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Mackenzie Institute Update Spring 1990

Mackenzie Institute Update Spring 1990

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The newsletter of the Canadian militarist think tank the Mackenzie Institute, Spring 1990, 6 pages. For more on the Institute see: http://www.powerbase.info/index.php/Mackenzie_Institute_for_the_Study_of_Terrorism,_Revolution_and_Propaganda
The newsletter of the Canadian militarist think tank the Mackenzie Institute, Spring 1990, 6 pages. For more on the Institute see: http://www.powerbase.info/index.php/Mackenzie_Institute_for_the_Study_of_Terrorism,_Revolution_and_Propaganda

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THE MACKENZIE INSTITUTE
SPRING 1990

After three years of publishing and operating, it is time to take stock. What are the Institute's goals; what has it achieved; where does it go in the 1990s?

"SChinese excellence" in warfare was defined twe~ty-five enemy a~o by up.reme T~io~~~~~i:d~~t!t!fi~~li~~~~~emilitary philosopher Sun Tzu as "breaking the cen turi,esresistance.the of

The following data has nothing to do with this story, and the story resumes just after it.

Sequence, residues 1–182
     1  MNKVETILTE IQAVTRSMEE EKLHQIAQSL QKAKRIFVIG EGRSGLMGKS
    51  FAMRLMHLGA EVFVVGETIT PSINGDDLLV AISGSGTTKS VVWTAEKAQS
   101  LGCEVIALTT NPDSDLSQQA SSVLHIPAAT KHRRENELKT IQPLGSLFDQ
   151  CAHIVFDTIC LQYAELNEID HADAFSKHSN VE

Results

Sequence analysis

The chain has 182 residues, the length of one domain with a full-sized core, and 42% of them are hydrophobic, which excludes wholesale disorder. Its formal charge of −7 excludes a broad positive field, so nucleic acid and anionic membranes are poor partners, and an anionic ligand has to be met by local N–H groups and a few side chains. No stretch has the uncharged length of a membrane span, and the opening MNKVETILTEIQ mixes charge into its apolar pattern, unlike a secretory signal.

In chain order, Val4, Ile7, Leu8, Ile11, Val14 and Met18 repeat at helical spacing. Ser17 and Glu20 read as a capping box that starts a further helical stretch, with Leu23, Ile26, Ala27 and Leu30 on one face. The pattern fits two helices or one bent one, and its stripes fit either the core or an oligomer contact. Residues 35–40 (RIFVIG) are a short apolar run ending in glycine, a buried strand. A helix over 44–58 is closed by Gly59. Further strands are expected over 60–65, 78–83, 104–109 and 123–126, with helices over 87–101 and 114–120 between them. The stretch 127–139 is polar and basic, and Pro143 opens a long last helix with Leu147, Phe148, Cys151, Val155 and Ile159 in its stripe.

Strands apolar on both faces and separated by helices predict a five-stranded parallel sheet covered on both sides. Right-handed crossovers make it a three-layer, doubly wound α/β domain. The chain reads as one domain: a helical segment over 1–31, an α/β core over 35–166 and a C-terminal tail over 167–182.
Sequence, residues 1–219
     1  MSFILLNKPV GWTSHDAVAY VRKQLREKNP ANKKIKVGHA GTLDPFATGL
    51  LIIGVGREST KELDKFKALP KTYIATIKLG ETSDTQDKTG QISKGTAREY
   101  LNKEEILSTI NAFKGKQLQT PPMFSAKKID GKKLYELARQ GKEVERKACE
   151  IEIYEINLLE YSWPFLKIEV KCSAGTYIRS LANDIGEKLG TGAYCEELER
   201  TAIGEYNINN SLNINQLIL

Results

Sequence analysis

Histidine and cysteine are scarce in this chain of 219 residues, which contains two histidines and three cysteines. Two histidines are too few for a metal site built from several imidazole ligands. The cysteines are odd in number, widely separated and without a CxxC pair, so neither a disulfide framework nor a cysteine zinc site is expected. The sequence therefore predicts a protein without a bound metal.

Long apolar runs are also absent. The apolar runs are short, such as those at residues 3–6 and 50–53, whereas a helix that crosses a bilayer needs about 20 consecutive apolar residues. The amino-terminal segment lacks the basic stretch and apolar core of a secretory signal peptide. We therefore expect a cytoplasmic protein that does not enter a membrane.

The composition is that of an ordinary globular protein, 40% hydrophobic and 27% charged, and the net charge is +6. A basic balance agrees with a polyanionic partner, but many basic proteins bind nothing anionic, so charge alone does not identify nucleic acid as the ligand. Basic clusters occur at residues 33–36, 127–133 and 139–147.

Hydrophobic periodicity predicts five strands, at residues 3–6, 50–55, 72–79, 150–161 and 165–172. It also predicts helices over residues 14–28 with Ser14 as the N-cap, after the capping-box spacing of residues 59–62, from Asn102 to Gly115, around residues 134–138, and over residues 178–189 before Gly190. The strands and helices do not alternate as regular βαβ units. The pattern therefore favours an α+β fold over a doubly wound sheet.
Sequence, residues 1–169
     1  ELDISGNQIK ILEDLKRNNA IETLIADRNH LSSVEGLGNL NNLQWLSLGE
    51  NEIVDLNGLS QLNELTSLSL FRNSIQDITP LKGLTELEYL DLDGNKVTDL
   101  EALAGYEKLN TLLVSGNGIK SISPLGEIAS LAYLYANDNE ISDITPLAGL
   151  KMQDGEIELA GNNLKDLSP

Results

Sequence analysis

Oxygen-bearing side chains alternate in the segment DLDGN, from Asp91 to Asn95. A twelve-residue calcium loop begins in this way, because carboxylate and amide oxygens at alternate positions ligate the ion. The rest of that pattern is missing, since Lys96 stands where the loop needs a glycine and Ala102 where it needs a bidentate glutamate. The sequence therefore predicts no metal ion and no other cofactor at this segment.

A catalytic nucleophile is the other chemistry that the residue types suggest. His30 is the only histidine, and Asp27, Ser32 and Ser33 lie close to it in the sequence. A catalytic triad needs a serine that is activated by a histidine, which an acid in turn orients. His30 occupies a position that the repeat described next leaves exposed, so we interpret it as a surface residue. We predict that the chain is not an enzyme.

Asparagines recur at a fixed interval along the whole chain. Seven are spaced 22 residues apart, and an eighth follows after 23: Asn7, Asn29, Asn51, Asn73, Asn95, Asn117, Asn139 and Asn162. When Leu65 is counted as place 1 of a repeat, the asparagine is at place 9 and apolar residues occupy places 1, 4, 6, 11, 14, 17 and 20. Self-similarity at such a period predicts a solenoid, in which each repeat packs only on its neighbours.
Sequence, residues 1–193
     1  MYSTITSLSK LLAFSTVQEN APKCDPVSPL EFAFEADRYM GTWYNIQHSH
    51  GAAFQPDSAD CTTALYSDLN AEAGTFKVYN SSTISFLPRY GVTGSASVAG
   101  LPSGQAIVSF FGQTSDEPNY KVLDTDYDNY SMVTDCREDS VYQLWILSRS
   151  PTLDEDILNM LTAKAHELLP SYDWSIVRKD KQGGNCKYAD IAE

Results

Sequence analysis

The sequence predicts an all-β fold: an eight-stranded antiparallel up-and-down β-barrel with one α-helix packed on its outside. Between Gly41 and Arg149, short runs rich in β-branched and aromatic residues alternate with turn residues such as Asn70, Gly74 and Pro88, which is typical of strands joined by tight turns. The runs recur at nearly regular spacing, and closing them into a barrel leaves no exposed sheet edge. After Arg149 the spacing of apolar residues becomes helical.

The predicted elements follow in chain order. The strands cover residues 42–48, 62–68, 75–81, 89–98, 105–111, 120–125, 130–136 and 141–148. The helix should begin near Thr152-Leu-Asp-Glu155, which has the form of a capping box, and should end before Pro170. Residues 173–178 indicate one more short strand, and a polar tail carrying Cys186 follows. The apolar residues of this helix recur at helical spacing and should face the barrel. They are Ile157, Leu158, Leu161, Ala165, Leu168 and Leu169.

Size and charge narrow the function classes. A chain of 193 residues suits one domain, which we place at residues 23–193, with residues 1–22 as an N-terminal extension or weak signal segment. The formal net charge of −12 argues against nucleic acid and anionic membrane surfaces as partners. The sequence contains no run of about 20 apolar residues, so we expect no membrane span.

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without fighting". In practice, all conflict is a mixture of persuasion and compulsion. r!:volutionand propaganda. of psychological and physical actions. Sun Tzu placed emphasis on the former, because In 1986 we had Canada amatrix of the cost to the attacker was less, and the prize was likely to be captured intact. institutes informing the public on arms The alternation of force and persuasion - terror and propaganda - is particularly .controland disarmament, strategic important to the revolutionary, if only because he starts out at a grave disadvantage in studies, internationalaffairs) intelligence terms of legitimacy, power and resources. Always, where the revolutionary challenge studies, and economics. The threat from' is serious, politics dominates and force is merely a means to the political end. Thus, nuclear war received attention, and 50 ideas are fundamental. did OUT preparedness for conventional Religious milita nts, fanatical ideologues, frustrated nationalists, minorities with ..War. Th efe WilS,how~yerr no single ' ...... lezitimate grievances, and other movements or cOLlOtrie.1l , con.'linc.e.Qb-b"dghteQll ,..sotirce-orihtormanonon' thefo'rm.roF~ -ca~ses" may use such revolutionary methods to redress disparities with their own conflict that have become daily news regimes or ~'\fiththe developed nations. Inevitably, it is the open society that is items- those that fall somewhere between vulnerable, Lenin, Stalin and Hitler understood this well, as do their successors. "War" andrpeace". In Italy in the 19305, Antonio Gramsci, a Marxist, brought the ideological aspect of , The Mackenzie Institute fOT theStudy of revolutionary warfare up-to-date and his tactics are widely used by radicals today, Terrorism, Revolunonand Propaganda Gramsci saw that the social and political orders were essentially cultural phenomena cameinto exi$t~ntelateJn 1986 to provide rather than the products of economics as Marx had taught. Activists had to erode the -. Canadianswitli aso\_i'rce of information existing order from the inside, through silent, methodical conquest of the state through on such cpnfIictfol11115;.'thelnstitute . the cultural occupation of society. Thus the institutions, particularly those that .. providesanill(f~p~~dentn1eausby vibiph influenced morality, public opinion and popular culture, became prime targets. The iriforrileq_individuals;whd are cbl"\cerJ1~d open society was the intended victim of these techniques, which can work only if about the. dii'ectiOl.{riiMmethoos of . authority is inhibited from responding, as has generally been the case in the modem-political \V~rfare'may:reach a democracies rather than in closed totalitarian regimes. wider audience .. AccordinglY, the Institute publishes Mackeniie Papers and' Let us examine the components of the Institute's field of study.